[O]ne who distributes a device with the object of promoting its use to infringe copyright, as shown by clear expression or other affirmative steps taken to foster infringement, is liable for the resulting acts of infringement by third parties.

The Grokster analysis gets some color in the Ninth Circuit (Tarantino’s suit is pending in federal court in California) in the 2013 case of Columbia Pictures v. Fung (the Isohunt case). In that case, the appellate court held that Isohunt was secondarily liable for the infringement occasioned by its users under the Grokster analysis. Like Gawker, Isohunt’s conduct did not implicate any of the plaintiffs’ Section 106 rights. Instead, its liability was premised on the conduct it undertook to direct users to the acquisition of infringing content.

Gawker is of course no stranger to controversy. Just last week we covered a Florida case dealing with Gawker’s First Amendment rights to publish excerpts of the Hulk Hogan sex tape. This bold move of publishing provocatively certainly continues that trend. But this time that move could face some serious Grokster-like consequences.

Judge who sent Facebook friend request to wife in pending divorce proceeding should have been disqualified

facebook-friend-request-446x298While a divorce case was pending, the judge overseeing the case sent the wife a Facebook friend request. The wife did not accept the request. Thereafter, the judge entered a final judgment that was more favorable to the husband. After the wife found out about other cases in which the judge had reached out to litigants through social media, she filed a motion to disqualify the judge. The judge refused to disqualify herself.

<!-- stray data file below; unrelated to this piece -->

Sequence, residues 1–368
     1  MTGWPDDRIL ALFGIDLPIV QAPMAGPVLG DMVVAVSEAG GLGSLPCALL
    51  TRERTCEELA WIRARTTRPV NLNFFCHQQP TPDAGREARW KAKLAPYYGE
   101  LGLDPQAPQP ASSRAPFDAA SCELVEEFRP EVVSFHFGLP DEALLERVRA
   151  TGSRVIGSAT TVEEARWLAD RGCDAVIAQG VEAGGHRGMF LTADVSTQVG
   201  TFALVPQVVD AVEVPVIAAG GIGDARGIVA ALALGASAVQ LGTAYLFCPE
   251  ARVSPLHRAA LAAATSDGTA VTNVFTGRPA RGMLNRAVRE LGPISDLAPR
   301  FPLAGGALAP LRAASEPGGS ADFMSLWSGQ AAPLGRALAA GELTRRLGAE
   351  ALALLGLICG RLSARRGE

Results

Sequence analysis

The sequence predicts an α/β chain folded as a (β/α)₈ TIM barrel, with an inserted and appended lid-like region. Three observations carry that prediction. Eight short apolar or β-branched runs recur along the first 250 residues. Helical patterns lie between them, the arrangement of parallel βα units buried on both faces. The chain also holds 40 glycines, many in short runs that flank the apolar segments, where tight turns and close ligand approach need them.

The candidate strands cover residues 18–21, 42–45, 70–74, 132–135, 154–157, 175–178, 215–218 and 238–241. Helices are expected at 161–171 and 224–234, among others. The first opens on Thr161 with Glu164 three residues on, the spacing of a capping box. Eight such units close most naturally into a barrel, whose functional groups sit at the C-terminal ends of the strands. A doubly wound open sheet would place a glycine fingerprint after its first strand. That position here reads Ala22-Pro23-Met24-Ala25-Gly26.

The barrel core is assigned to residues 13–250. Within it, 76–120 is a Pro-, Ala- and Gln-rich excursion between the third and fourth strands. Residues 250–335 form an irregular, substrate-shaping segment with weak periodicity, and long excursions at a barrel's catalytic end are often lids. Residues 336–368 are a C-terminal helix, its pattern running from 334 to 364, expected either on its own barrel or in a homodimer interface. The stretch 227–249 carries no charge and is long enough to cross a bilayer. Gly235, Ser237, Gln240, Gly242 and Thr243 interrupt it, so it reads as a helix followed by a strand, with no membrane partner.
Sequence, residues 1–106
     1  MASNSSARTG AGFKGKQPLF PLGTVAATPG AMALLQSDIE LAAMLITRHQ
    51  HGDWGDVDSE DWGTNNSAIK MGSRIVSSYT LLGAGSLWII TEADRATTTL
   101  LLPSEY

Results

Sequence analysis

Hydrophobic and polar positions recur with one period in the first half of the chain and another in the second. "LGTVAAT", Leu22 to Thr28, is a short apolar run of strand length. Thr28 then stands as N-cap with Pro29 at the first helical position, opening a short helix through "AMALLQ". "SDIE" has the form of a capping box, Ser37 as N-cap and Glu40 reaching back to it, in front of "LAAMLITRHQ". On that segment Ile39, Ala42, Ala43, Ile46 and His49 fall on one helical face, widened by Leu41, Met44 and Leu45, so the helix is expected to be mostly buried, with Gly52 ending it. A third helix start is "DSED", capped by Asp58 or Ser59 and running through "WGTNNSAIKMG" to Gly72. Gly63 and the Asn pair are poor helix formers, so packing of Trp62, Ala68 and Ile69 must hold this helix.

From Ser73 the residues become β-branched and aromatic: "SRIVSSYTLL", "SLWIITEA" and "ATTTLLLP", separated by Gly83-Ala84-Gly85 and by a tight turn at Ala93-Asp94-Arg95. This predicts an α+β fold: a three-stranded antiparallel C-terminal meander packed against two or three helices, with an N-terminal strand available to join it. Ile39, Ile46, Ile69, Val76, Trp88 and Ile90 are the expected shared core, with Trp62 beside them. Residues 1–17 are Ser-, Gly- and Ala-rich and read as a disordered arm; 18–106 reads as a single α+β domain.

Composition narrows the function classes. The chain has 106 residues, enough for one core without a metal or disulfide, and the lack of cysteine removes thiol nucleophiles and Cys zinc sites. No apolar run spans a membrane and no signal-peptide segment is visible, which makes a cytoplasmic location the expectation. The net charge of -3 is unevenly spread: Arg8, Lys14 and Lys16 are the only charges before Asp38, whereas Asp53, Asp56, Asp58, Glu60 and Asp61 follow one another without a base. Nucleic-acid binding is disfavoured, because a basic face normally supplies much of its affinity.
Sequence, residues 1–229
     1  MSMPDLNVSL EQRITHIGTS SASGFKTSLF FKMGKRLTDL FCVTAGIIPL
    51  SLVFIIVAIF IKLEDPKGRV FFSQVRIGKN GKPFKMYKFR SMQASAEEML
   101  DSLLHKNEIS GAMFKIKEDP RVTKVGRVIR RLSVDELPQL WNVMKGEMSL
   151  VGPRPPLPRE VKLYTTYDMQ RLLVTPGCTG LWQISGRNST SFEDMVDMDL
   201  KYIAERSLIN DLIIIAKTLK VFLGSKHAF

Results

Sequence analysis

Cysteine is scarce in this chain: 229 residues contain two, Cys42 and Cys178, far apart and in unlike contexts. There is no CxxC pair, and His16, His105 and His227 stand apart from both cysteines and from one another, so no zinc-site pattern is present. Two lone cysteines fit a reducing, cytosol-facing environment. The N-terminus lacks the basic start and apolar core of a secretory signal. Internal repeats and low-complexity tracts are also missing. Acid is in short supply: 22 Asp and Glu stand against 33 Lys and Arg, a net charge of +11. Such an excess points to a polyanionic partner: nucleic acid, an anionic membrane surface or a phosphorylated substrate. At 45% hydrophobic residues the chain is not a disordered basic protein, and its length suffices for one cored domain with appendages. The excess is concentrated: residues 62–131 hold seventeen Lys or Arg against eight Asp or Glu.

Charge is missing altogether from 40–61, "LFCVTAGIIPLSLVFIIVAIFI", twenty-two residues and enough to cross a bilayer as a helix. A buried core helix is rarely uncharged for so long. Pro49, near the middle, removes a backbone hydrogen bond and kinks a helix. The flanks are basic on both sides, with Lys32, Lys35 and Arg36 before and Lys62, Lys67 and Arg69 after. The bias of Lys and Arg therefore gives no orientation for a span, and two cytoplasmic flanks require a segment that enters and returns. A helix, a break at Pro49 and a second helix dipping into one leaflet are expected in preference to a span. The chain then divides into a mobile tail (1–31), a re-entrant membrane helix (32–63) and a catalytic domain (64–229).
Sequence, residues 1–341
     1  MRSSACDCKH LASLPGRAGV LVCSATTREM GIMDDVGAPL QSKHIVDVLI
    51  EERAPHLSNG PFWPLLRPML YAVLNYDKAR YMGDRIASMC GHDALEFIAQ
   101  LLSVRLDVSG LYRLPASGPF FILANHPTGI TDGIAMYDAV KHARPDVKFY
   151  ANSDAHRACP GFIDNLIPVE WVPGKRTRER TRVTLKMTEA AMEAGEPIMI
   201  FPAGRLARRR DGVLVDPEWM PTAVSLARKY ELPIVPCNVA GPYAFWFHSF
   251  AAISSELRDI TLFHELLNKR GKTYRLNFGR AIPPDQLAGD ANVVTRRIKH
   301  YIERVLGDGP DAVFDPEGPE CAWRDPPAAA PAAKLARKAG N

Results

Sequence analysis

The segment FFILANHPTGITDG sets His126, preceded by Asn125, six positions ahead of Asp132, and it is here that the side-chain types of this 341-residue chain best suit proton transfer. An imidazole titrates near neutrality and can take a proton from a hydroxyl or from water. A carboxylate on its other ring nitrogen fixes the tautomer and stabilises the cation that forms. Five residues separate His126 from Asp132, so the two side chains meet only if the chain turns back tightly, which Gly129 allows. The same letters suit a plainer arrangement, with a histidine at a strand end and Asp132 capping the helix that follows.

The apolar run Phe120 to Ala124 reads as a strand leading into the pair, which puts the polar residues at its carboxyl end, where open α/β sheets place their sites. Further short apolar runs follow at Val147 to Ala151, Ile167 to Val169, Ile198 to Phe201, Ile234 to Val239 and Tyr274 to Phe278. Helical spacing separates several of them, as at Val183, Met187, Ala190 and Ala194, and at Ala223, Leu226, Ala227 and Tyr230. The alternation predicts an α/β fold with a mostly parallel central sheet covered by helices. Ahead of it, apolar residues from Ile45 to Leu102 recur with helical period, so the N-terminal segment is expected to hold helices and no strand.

The wife sought review with the appellate court. On appeal, the court reversed and remanded, holding that the judge should have disqualified herself:

The “friend” request placed the litigant between the proverbial rock and a hard place: either engage in improper ex parte communications with the judge presiding over the case or risk offending the judge by not accepting the “friend” request.

Moreover, the court found the problem of friending a party in a pending case “of far more concern” than a judge’s Facebook friendship with a lawyer. Forbidding judges and counsel to be Facebook friends, especially in smaller counties with tight-knit legal communities, would be unworkable. But with a friend request from the judge, a party has a “well founded fear” of not receiving a fair and impartial trial.

Chace v. Loisel, — So.3d —, 2014 WL 258620 (Fla.App. 5 Dist. January 24, 2014)

Hunter Moore arrest reveals a certain schizophrenia about the Computer Fraud and Abuse Act

The feds arrested Hunter Moore and an alleged co-conspirator on Thursday for hacking into email accounts to get nude photos Moore published on isanyoneup.com. At the heart of the prosecution is the Computer Fraud and Abuse Act, the federal statute that makes it a crime (and in some circumstances, gives rise to civil liability) for accessing a computer without authorization.